This book is out of print. Which is a pity. I've read most of Gardner's works, and I'd place this as his second best piece. (I argue that Nickel Mountain is the best, with Grendel a distant third, but I digress.) The story is fairly simple, Mickelsson's nearly bankrupt, divorced, and on the outside looking in at the university where he teaches philosophy, and he buys a house that's haunted. What follows is Gardner's strongest story. The writing, as usual, has flawless rhythm, and there is emotio This book is out of print. Which is a pity. I've read most of Gardner's works, and I'd place this as his second best piece. (I argue that Nickel Mountain is the best, with Grendel a distant third, but I digress.) The story is fairly simple, Mickelsson's nearly bankrupt, divorced, and on the outside looking in at the university where he teaches philosophy, and he buys a house that's haunted. What follows is Gardner's strongest story. The writing, as usual, has flawless rhythm, and there is emotion to spare, not to mention the vast swathes of philosophy kept interesting (and necessary as a reflection of Mickelsson's personality). But there's no one thing that stands out; everything is dealt in proper proportions. As a side note, this is a good book to study if you're working on a novel of your own, especially if said book requires a lot of backstory that you want to mix into the book instead of putting it all in one chapter. The only problem I had with the book was that some of the resolutions are a bit outlandish, which weakens the drama of the previous 600 pages a bit. But as a savory morsel to read and enjoy, this one stands out.

  12. 5 out of 5

    LovesHorses

    I read this book as a teen, and I re-read it a few years ago. Certainly my second reading was more comprehensive, and having studied philosophy as a quasi-minor in undergrad, I understood so much more of the setting and characters (in fact I think I had a philosophy prof who could have been a character in this book). But I do still remember the eerie feeling I had reading this book for the first time, the feeling of sliding into a madman's world and no longer remembering exactly what is consider I read this book as a teen, and I re-read it a few years ago. Certainly my second reading was more comprehensive, and having studied philosophy as a quasi-minor in undergrad, I understood so much more of the setting and characters (in fact I think I had a philosophy prof who could have been a character in this book). But I do still remember the eerie feeling I had reading this book for the first time, the feeling of sliding into a madman's world and no longer remembering exactly what is considered sane and why. The characters are extremely flawed, as is traditional in literary fiction, but compelling enough for the reader to get involved, although perhaps not quite come to care deeply for them you are more likely to be drawn along by wondering what kind of idiotic crazy thing they will do next. This book will make you think - and think some more, and then think about what you just thought. All through the actions and words of the characters, without the annoying tendency of some authors to speak through their characters as puppets to convey a message.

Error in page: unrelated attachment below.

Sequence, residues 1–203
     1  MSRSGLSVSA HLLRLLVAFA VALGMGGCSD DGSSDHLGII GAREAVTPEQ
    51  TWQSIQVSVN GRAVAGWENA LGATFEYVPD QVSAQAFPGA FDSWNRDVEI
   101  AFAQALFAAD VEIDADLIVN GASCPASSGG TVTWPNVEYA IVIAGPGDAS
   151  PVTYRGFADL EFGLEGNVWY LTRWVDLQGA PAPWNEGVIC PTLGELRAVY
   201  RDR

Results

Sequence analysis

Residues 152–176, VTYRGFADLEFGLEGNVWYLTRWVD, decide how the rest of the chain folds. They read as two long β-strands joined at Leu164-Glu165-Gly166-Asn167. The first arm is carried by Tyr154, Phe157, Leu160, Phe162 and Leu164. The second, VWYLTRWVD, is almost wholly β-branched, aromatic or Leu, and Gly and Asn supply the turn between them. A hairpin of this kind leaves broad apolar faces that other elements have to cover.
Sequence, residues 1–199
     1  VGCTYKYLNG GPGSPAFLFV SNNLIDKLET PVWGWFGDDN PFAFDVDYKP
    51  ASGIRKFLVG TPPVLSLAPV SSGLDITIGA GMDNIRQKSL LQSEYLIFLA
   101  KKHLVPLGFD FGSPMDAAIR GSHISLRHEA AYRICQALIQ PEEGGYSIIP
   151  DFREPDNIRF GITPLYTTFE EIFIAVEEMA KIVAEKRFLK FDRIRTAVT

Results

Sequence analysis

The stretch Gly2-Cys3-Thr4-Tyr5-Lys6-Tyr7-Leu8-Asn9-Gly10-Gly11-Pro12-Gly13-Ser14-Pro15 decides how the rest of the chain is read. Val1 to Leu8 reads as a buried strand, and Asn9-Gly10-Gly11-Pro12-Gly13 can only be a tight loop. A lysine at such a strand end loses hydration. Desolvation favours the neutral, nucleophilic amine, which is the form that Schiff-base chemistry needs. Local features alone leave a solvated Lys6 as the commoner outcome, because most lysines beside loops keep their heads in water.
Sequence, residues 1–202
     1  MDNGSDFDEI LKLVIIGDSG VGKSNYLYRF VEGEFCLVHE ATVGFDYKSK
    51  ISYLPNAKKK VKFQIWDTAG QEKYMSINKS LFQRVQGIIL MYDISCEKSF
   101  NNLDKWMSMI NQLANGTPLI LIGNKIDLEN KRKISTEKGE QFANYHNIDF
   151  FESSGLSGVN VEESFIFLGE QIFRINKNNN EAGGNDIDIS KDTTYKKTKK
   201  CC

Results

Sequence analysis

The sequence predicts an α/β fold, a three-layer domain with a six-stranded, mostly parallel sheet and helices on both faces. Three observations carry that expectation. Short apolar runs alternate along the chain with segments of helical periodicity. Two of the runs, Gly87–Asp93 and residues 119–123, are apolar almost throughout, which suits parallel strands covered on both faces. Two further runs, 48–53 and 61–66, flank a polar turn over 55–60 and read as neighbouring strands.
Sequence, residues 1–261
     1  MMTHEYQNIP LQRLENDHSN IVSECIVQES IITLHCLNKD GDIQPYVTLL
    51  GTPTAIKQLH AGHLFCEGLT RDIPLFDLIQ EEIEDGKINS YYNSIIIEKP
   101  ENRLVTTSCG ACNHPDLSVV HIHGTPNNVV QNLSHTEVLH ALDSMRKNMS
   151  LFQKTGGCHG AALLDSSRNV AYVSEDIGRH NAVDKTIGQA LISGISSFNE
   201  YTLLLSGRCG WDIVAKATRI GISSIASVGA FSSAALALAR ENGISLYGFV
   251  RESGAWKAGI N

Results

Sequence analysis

13. 5 out of 5

    Thomas Wictor

    You won't forget this novel. A more detailed descent into madness has never been published. I read it only once, but I've never been able to get it out of my mind. What makes it so powerful is the implacable refusal of the protagonist to change his ways. Stories of avoidable catastrophe deliberately not avoided have always haunted me. Grim but very funny in parts. You won't forget this novel. A more detailed descent into madness has never been published. I read it only once, but I've never been able to get it out of my mind. What makes it so powerful is the implacable refusal of the protagonist to change his ways. Stories of avoidable catastrophe deliberately not avoided have always haunted me. Grim but very funny in parts.